Three Weeks After My Wedding, I Lost The Love of My Life

Three Weeks After My Wedding, I Lost The Love of My Life - #VoicesProject

My son, Carlos Castellanos, died at age 23 from a drug overdose, just three weeks after walking me down the aisle at my wedding.

On that day, he was happy, healthy and loving life. He had a job and was expected to get a promotion the following month, loved his girlfriend dearly, and was planning to resume taking college courses. Carlos’ dream was to become an aerospace engineer and to work for a company that would enable him to be part of the Engineers Without Borders program so that he could help others. He was sensitive, humble, kind and loving. He was precious to all who knew him.

Carlos was smart and witty with a great sense of humor, musically gifted, perfectionist, always excelling; but he never felt like he was good enough. Those feelings of inadequacy are what drove him to start smoking marijuana at age 15. Very quickly though, he went looking for a “better high” and moved on to cocaine, heroin and other similar drugs. He suffered a grand mal seizure at age 18 from crystal meth and stopped drug use for a very short time. However, pressures that he imposed on himself led him to resume his drug use.

Carlos was in and out of rehab facilities and went through intensive outpatient care a few times, as well. His most successful clean period was for a period of 20 months, during which time he became very involved with helping others to get and stay clean. He volunteered at a local rehab and facilitated recovery sessions for other young people who were fighting to stay clean like he was.

After relapsing again, my son got and stayed clean for the last 10 months of his life. We will never know what caused him to use again – this time, with fatal consequences.

The drug that he took on December 23, 2016 was laced with fentanyl. What will I miss about Carlos? Everything. I will miss his smile, hugs, his “I love you Mom’s,” his joking around with me and teaching me how to use my IPhone 6. The photo albums that we will create as a family going forward will not be filled with pictures of our beautiful son and brother as our wedding album is now. We will never again hear his laughter, see him drumming, singing and playing the guitar or just goofing around with his cat, Simon. My husband, Mike and I will miss having Carlos outlive us – nothing any parent should ever have to endure.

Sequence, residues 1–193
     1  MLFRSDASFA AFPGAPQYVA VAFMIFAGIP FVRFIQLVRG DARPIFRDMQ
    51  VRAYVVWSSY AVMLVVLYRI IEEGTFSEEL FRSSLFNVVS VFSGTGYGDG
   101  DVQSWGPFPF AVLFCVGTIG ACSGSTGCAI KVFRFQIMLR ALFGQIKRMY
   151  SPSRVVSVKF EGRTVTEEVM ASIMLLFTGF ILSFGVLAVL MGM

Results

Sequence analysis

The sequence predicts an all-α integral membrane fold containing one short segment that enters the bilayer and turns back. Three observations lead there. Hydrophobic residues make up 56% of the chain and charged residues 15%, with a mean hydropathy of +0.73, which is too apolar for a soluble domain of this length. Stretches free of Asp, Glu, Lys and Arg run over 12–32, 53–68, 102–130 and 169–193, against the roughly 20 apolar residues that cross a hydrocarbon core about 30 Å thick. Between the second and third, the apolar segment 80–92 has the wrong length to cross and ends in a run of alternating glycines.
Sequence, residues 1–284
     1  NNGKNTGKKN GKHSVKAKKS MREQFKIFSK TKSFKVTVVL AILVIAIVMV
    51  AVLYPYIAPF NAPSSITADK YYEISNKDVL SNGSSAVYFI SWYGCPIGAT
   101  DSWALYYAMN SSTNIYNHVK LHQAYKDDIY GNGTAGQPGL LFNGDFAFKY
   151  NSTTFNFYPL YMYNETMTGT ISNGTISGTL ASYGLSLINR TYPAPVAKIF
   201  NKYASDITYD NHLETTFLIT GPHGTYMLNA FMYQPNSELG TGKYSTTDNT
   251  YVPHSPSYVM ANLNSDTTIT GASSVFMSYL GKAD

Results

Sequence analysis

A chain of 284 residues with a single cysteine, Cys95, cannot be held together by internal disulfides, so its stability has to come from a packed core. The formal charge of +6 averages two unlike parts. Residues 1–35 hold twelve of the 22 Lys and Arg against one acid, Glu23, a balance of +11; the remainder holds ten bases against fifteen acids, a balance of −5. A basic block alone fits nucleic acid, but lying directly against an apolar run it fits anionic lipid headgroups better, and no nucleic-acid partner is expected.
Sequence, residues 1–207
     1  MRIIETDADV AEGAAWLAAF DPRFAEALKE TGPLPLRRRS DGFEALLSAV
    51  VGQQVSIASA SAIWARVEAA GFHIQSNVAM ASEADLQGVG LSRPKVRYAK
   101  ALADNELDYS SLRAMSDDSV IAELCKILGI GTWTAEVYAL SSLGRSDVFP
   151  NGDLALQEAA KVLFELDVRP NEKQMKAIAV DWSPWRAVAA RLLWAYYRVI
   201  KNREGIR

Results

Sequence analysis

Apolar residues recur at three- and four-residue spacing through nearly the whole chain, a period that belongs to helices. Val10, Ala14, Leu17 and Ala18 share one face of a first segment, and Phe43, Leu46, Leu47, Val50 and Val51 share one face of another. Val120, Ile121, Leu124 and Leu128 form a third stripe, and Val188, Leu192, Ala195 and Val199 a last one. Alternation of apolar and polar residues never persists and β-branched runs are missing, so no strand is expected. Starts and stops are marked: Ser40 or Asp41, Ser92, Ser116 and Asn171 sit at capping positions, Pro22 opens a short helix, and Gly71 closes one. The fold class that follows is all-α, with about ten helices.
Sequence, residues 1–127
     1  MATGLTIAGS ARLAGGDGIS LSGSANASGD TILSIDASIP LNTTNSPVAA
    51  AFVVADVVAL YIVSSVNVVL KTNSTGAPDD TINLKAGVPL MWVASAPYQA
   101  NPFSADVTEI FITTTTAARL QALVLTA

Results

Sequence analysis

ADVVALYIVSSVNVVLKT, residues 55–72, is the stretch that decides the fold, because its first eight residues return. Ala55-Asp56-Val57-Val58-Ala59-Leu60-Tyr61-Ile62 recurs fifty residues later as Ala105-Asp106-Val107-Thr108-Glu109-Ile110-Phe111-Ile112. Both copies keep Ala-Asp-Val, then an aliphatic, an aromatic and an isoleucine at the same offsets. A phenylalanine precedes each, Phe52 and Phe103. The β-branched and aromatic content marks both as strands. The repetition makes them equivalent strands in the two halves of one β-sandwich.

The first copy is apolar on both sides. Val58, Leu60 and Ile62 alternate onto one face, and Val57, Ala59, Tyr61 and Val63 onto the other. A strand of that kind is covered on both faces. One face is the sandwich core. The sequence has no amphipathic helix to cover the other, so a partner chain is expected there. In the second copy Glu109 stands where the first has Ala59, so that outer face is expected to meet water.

How do we go on? How do we survive without the son, brother, friend who we lost to this terrible disease? For Mike and me, we have chosen to do what Carlos would have done had he lived. We tell his story – one of an amazing human who thought about others before he thought about himself. Who dreamed of a future without drugs, a future with hope and life and success and love.

So we share the story of who Carlos was and we preserve his memories by fighting when he cannot. We want everyone to know that drug addiction is a primary, chronic disease that alters who you are. It’s a disease that is often progressive and fatal. No one chooses to be addicted to drugs. We urge other parents to educate themselves about the signs and symptoms of addiction. We encourage them to get help for their loved one and for themselves. We fight to get laws enacted to help those who struggle with this disease so that they have full access to treatment and care.

Most of all, we rest in God’s embrace, knowing that Carlos is our angel and that we will be reunited with him one day.